In any market, people closest to the trading develop a feel for the nuance of that market, which can give them an edge. That edge now resides with people who not only have the fastest computers, but also know what questions to ask of their data resources and analytic tools as markets change. Their computers spot patterns with algorithms and pass the insights along to their human masters. Those humans, by virtue of their deep knowledge of exchanges, latencies, and the behavior of other players, know what types of questions to ask. Their computers find the answers, complete with probabilities and risks, and trade them algorithmically.
Is this illegal? Not under current regulations. Is someone front-running by breaching their fiduciary responsibility as a broker and using knowledge of customer orders to profit at their customer's expense? Not always. If a high-frequency-trading operation invests heavily in technology to sniff out predictive patterns across the exchanges and take risks with its own capital, it isn't front running. It is seeking a positive return on its own investment in big data and analytics, which firms such as Amazon have done in other industries and newer entrants have begun in online advertising auctions. On the other hand, if a firm benefits by trading its own "proprietary" capital on the basis of order flow from its customers and to their detriment, it is, by definition, front-running.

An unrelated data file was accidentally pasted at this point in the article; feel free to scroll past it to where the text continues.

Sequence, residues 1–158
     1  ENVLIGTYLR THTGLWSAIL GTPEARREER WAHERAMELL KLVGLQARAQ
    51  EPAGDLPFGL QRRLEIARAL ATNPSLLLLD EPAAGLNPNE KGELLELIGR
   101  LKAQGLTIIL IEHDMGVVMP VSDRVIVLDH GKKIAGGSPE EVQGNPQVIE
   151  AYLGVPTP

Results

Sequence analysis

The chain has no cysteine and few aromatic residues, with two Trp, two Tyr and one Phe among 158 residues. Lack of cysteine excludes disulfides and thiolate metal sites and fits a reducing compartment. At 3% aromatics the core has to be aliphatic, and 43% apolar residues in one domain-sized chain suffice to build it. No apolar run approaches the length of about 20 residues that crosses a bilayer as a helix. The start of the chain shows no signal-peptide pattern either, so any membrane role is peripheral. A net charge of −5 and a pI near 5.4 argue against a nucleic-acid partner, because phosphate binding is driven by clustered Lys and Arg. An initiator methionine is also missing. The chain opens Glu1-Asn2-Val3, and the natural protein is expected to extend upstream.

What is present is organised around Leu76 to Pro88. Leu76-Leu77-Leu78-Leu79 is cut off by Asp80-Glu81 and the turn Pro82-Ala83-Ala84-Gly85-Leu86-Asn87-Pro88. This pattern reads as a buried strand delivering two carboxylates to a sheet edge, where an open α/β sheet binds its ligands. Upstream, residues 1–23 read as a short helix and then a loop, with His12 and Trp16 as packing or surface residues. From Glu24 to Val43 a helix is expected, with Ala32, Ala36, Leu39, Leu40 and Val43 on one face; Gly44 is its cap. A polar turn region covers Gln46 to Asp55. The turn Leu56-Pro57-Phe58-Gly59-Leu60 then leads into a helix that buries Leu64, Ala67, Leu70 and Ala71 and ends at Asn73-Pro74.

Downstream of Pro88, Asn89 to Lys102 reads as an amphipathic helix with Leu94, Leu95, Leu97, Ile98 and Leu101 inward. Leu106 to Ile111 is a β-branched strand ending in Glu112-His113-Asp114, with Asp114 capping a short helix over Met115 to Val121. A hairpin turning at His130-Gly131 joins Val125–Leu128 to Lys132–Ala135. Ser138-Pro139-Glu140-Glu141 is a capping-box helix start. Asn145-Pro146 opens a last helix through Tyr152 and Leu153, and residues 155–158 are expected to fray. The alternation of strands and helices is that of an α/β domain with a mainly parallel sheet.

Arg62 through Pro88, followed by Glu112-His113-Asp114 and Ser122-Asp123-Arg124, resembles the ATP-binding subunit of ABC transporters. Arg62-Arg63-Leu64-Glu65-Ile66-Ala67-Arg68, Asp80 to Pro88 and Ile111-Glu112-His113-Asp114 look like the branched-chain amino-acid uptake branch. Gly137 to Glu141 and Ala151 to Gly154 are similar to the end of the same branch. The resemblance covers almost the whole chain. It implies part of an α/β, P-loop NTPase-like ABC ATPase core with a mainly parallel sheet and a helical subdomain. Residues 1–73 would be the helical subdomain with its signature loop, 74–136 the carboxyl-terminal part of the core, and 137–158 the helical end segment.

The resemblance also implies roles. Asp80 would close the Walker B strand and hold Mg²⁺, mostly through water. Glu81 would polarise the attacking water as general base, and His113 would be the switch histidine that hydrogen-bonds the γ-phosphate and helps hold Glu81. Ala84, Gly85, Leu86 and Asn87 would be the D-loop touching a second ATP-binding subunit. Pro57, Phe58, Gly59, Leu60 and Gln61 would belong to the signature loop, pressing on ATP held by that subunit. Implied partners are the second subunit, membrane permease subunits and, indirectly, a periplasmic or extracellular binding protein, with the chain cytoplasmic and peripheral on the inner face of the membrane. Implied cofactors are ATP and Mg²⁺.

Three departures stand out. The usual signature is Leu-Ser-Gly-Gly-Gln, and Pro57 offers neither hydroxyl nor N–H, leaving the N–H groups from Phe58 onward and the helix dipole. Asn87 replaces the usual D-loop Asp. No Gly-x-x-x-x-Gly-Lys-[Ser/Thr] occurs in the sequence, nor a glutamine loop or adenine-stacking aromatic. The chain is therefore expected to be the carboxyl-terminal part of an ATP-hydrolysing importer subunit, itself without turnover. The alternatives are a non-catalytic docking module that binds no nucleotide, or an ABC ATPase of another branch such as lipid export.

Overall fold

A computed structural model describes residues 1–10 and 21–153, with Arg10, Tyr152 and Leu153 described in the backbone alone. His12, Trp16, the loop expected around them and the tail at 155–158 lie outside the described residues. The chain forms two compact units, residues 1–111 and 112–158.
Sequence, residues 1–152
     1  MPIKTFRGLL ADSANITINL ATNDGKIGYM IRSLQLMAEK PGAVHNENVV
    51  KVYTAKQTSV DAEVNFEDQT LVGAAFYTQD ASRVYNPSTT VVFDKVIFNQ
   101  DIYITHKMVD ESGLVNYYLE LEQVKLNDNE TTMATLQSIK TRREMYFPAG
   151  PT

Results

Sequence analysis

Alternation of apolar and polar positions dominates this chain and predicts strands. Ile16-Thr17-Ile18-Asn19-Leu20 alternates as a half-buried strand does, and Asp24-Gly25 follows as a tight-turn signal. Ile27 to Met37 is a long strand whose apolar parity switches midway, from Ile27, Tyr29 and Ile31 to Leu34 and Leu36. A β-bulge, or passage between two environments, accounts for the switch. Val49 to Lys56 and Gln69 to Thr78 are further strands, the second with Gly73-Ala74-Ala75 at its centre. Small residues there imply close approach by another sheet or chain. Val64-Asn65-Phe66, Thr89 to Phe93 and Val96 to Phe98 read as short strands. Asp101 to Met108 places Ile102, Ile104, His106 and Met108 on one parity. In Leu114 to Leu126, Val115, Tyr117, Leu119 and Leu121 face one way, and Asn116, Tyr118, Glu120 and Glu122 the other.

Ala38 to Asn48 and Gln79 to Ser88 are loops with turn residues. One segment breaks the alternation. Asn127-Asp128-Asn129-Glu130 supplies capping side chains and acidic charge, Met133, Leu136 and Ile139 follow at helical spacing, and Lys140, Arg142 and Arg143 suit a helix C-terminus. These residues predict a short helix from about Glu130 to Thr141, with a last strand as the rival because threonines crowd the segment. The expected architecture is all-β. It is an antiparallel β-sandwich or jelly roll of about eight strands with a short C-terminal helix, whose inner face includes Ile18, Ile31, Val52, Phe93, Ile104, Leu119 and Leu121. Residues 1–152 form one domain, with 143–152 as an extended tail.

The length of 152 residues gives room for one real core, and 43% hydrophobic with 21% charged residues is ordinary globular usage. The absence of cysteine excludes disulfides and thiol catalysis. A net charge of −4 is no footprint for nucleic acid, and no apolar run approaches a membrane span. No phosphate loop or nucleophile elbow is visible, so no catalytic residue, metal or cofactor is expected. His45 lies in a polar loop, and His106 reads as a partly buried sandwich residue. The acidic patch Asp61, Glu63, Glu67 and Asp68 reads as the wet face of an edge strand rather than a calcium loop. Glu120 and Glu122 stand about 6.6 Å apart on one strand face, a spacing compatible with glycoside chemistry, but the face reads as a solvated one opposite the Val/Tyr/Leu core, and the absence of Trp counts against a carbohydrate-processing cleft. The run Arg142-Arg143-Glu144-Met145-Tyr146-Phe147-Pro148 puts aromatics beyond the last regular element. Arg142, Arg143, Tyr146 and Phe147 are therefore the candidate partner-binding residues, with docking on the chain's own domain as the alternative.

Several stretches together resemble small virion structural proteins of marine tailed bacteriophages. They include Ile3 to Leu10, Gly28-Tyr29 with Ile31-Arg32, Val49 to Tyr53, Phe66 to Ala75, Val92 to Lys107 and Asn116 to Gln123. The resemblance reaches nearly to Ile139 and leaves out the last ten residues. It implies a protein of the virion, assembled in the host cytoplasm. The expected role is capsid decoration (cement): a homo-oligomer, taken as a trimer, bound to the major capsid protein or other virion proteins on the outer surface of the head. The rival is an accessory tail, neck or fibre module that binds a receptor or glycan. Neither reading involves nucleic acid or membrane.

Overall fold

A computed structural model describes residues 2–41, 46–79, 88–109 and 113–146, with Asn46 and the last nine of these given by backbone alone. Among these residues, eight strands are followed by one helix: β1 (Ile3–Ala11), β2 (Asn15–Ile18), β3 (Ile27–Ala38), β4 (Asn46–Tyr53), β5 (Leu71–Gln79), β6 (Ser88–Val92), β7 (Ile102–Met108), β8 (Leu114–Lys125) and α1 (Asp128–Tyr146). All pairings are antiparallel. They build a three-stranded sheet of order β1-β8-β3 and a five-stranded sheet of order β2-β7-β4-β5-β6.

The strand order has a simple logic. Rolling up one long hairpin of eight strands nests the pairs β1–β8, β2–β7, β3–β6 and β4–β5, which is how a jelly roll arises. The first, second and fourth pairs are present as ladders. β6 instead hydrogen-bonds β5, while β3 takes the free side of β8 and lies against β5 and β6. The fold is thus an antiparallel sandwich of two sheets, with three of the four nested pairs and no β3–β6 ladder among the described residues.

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How do we improve market conditions for all investors? Quite incredibly, with additional transparency.
What if the entire data trail of the stock market were available to everyone after the end of the trading period, such as a day or a week? Information technology disrupted the old way of trading in the last century by making markets more transparent and reducing the edge held by floor traders or market makers. However, somewhere along the way, technology coupled with regulation and market forces that fragmented the stock market started to increase the complexity of trading to a point where few people understood it, let alone knew how to regulate it. We have found ourselves with complicated, fast-moving markets whose regulations were developed for a different era of trading and that have had consequences that were not anticipated. The current HFT powerhouses seized on this opportunity and kept it under wraps while advancing their analytical capability and creating a proprietary advantage.
There's nothing wrong with this in competitive markets as long as they don't engage in front-running. It is useful to note that HFTs provide a service to the market, namely, some additional liquidity, which has arguably reduced costs of trading for the small investor.